Abandoned children are a pitiable sight in any country - more so in Bulgaria.
Kuna, a pretty eight-year-old girl, lives in an orphanage in Bulgaria, abandoned by her family, but her Roma origins mean her chances of adoption are almost nil.
"Kuna's features do not reveal her origins, but her documents dissuade adoption candidates," said Nadya Dzhunova, director of the Slaveykov children's home in Sofia.
Indeed, Bulgarians are still highly prejudiced against the poor Roma minority, suspecting them of abandoning children at a young age only to claim them back when they are old enough to earn money.
At Slaveykov, Kuna lives alongside 61 abandoned children aged seven to 18, including six who are handicapped.
Her parents only kept two of their seven children but they refused to give up their parental rights over the little girl and four of her siblings, meaning the children could not be put up for adoption and would have been condemned to live in orphanages until adulthood.
But a new law that came into force in October means children who have spent more than six months in institutions and have not been taken back by their parents can now be put up for adoption, without the parents' approval.
This has already allowed Kuna and her four siblings to make their way onto adoption lists.
The practice of leaving children to the state's care due to poverty or a child's disability goes back to communist times and Bulgaria now has one of the highest rates of abandonment in the European Union, with some 6,730 children left to the care of state institutions.
"The problem is difficult to solve after 50 years during which the state readily placed in an institution any child at risk," deputy social minister Valentina Simeonova explained.
This was the case for eight mentally disabled teenagers, who after years in a dilapidated children's home in the remote village of Mogilino in northeastern Bulgaria, recently moved into their own house in the western village of Glozhene.
Confined to a wheelchair, 20-year-old Sergey can neither walk nor talk. Blind since birth, he was often tied to his bed at Mogilino to keep him still, according to the nurses at his new home in Glozhene.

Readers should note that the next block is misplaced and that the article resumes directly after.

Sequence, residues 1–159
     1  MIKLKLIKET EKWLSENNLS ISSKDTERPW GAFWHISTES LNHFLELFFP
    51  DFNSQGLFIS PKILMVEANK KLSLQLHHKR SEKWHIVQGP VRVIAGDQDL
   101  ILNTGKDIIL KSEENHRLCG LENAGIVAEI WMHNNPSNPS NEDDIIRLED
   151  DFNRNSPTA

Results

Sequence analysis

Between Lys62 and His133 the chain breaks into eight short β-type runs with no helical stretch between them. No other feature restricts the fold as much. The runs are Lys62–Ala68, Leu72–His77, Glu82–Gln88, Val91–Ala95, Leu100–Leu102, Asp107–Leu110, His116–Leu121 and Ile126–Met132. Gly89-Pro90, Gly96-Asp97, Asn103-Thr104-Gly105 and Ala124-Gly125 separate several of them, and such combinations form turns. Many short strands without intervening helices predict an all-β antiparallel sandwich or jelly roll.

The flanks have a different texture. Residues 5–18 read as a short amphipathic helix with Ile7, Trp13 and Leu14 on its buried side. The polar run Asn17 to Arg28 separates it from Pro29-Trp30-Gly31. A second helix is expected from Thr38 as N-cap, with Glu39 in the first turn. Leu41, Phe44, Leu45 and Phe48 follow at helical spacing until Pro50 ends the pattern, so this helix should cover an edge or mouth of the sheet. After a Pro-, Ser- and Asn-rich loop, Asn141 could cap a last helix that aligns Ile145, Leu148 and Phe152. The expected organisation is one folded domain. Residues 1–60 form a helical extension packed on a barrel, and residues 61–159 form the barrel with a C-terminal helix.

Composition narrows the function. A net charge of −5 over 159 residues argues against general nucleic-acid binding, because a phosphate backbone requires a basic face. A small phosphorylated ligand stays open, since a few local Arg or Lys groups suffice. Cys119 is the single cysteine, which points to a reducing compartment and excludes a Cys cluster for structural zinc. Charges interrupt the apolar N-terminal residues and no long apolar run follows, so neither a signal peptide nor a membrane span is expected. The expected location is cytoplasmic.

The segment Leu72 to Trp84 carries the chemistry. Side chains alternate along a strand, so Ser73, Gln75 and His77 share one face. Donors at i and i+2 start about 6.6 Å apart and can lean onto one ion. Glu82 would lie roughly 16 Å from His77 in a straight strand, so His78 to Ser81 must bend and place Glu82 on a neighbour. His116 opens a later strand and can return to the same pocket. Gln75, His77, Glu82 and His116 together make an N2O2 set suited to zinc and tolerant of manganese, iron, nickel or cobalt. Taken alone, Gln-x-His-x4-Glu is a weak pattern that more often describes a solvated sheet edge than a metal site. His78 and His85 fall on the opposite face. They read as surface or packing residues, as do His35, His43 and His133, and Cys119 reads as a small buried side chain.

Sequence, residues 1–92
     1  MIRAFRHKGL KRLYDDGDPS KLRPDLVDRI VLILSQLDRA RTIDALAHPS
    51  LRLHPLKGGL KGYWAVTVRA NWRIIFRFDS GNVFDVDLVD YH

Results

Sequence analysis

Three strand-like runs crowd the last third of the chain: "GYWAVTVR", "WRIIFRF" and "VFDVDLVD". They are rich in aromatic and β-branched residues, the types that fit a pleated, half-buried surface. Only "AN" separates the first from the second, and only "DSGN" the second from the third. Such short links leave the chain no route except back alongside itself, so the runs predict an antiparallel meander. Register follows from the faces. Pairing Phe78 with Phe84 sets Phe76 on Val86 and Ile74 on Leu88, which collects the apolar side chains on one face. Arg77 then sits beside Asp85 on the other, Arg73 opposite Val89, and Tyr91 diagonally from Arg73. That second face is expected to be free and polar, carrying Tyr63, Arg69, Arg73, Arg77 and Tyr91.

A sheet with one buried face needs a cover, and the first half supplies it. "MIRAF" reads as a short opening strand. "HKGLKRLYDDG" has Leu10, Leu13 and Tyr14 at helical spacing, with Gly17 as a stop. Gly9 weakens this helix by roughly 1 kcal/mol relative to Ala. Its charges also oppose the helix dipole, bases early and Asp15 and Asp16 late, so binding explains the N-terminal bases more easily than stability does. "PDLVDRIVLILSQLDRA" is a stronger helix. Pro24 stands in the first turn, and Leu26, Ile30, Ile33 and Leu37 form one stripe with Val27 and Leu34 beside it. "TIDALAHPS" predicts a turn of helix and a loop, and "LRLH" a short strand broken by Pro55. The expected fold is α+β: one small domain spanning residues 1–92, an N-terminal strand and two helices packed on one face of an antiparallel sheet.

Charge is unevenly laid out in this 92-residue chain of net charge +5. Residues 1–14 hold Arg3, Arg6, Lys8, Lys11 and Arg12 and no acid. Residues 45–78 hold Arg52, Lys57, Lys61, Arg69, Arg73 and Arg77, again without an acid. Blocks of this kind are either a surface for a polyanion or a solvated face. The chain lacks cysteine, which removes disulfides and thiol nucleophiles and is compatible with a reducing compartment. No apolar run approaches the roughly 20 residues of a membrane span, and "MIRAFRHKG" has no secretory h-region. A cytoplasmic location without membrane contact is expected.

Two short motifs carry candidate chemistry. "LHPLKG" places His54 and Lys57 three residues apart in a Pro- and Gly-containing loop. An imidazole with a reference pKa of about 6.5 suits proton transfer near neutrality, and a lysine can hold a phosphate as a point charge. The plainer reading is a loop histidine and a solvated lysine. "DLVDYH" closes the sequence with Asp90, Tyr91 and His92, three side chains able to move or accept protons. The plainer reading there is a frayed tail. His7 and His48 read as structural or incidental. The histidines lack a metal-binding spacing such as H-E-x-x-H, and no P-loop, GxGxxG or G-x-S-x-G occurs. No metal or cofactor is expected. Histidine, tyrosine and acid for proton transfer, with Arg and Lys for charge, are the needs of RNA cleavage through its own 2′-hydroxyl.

Sergey and several dozen other children and adolescents with disabilities lived at Mogilino behind "a barbed wire fence and barred windows," cared for by unqualified, indifferent staff, according to Branimira Pavlova, head of a daycare centre in Teteven that temporarily hosted the eight youngsters.
The utter misery there sparked a nationwide fund-raising campaign, supported by UNICEF, the UN Children's Fund, and private bTV television, to build new homes for the children and eventually close down the orphanage.
The government now plans to shut by 2013 all 27 remaining institutions for children with serious disabilities. Most of these facilities are situated in poor remote villages.
Meanwhile, it is encouraging the creation of daycare centres like the one in Teteven, where teams of nurses, psychologists and teachers can take care of children with disabilities during the day, allowing the parents to go work.
This would help battle high abandonment rates, Pavlova said.
Almost 98 percent of abandoned children in Bulgaria still have parents somewhere and social workers are seeking to encourage them to take their children back or place them in foster care.
Some 1,200 children aged 12 and above, or with grave disabilities, have been put on a special list for adoption abroad, mainly in the United States, Canada, Sweden and Italy, where families are more open to adopt these children.
Authorities are also seeking to limit the number of abandoned babies, aged three and under, which currently number 2,300 in all of Bulgaria.
In 2009, 536 Bulgarian babies were adopted domestically and 103 abroad, including 23 percent who had some sort of disability.
"If we manage to do away with abandonment at birth, we will manage to reverse the high number of children in institutions," Simeonova said.